Johnny Mercer, one of Georgia’s—no, one of America’s—greatest natural resources, is astutely celebrated by this valuable addition to his growing bibliography.

—Stanley Booth, author of The True Adventures of the Rolling Stones

This engaging biography brims with fresh insights about southern culture and its relationship to American music. Eskew reveals Johnny Mercer as a carrier of the South’s interracial culture to the nation and the world. This book is the most original and carefully documented contribution I have seen to understanding the role of a creative southerner in the global culture. Readers will appreciate Eskew’s re-creation of Mercer’s world that intersected with so many seminal entertainment figures. It is altogether successful in sketching the regional context that produced Mercer’s music.

—Charles Reagan Wilson, Editor-in-chief of The New Encyclopedia of Southern Culture

Eskew brings to life the vibrant music scene around the musician from the 1930s to the 1960s and uncovers the collaborations, friendships, and struggles that made Mercer a success. This thoroughly researched and compelling biography will appeal to scholars and students of popular American music.

—Emily Hamstra, Library Journal

In this smart and meticulously researched biography, Georgia State University historian Glenn T. Eskew ac-cent-tchu-ates another of Mercer’s roles: architect of popular music during the late 1940s and the ’50s, which Eskew calls the Age of the Singer.

—Dennis Drabelle, Washington Post

No other songwriter appears as successfully involved in so many facets of America's entertainment industry in the twentieth century,' Glenn T. Eskew claims convincingly in Johnny Mercer. . . . Although Johnny Mercer is ponderous at times, it does justice to the giant accomplishments of the 'pixie from Dixie.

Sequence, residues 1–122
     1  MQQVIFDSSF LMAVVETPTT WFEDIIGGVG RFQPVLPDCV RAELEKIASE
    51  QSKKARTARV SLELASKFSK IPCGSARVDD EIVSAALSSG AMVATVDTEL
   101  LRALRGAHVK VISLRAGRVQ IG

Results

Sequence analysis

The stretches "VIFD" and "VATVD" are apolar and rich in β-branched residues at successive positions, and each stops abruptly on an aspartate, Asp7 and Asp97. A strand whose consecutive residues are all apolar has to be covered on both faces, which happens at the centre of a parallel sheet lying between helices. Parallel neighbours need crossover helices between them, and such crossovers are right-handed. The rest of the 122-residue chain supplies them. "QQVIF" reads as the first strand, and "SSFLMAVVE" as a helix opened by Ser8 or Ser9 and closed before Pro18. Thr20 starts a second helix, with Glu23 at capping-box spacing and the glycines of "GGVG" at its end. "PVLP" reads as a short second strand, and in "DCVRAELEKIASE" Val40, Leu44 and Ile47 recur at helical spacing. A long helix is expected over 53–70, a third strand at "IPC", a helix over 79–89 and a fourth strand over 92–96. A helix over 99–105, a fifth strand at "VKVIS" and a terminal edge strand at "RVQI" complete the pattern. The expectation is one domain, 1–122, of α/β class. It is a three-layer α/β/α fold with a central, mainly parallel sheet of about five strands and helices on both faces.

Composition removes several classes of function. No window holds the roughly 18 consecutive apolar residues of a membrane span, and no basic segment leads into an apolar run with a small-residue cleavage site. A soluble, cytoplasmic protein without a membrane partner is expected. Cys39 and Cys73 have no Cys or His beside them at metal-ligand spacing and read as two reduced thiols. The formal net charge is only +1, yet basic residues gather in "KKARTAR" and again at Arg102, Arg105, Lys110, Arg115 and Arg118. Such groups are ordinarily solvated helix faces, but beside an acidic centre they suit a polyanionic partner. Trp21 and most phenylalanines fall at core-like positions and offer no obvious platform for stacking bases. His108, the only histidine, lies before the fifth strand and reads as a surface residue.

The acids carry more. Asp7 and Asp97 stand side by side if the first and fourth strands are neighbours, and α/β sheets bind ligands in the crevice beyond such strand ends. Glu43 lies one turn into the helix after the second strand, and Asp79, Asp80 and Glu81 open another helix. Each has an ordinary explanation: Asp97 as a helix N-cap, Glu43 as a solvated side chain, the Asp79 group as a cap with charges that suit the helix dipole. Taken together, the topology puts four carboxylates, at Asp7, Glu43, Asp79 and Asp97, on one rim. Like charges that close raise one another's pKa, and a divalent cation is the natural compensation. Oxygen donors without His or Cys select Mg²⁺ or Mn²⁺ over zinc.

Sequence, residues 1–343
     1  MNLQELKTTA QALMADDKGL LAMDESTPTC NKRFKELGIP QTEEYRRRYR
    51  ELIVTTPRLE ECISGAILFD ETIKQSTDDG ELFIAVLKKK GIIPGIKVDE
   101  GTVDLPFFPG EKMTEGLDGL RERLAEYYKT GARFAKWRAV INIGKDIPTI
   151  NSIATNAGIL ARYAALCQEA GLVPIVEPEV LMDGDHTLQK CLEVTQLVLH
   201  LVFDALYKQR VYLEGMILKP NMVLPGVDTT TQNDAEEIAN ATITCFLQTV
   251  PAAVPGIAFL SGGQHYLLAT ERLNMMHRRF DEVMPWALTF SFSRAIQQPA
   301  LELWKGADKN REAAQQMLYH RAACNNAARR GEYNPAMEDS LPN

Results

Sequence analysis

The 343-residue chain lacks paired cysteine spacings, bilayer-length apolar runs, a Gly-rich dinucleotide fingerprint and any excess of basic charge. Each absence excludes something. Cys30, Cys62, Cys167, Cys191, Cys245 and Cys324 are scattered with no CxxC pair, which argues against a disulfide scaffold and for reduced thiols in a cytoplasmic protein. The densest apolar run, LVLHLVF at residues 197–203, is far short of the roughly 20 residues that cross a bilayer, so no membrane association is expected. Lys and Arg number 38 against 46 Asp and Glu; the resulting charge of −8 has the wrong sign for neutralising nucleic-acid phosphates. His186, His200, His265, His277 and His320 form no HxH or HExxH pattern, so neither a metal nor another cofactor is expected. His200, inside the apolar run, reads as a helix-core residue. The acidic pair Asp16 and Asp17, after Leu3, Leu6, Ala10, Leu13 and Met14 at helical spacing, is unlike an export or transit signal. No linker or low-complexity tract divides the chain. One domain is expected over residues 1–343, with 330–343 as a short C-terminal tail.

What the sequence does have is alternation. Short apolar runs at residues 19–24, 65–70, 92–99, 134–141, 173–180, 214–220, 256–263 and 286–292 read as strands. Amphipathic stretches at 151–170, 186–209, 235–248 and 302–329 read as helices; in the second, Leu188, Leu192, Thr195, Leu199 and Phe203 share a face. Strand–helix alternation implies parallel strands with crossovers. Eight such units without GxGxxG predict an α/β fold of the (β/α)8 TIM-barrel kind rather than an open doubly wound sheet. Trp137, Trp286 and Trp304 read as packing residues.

—Ken Emerson, Wall Street Journal

Historians have tried to define the South, but few will leave you humming the Great American Songbook quite like Glenn T. Eskew does in Johnny Mercer.

—Atlanta Magazine

Eskew does a superb job of chronicling the rise of songwriting icon Johnny Mercer, from his beginnings in Savannah, Georgia, to his early career in New York ti his becoming a central figure in contributing to the Great American Songbook. . . . Accessible and very well researched, as one would expect of work by a scholar of Eskew's stature, this book is an invaluable resource.

—T. R. Harrison, Choice


Malcolm Bell, Jr., and Muriel Barrow Bell Award, Georgia Historical Society


Award for Excellence in Research, Georgia Historical Records Advisory Council


Outstanding Academic Title, Choice magazine


University Press Books for Libraries, American Library Association

About the Author/Editor

GLENN T. ESKEW is a professor of history at Georgia State University. He is the author of But for Birmingham: The Local and National Movements in the Civil Rights Struggle, editor of Labor in the Modern South, and coeditor of Paternalism in a Southern City.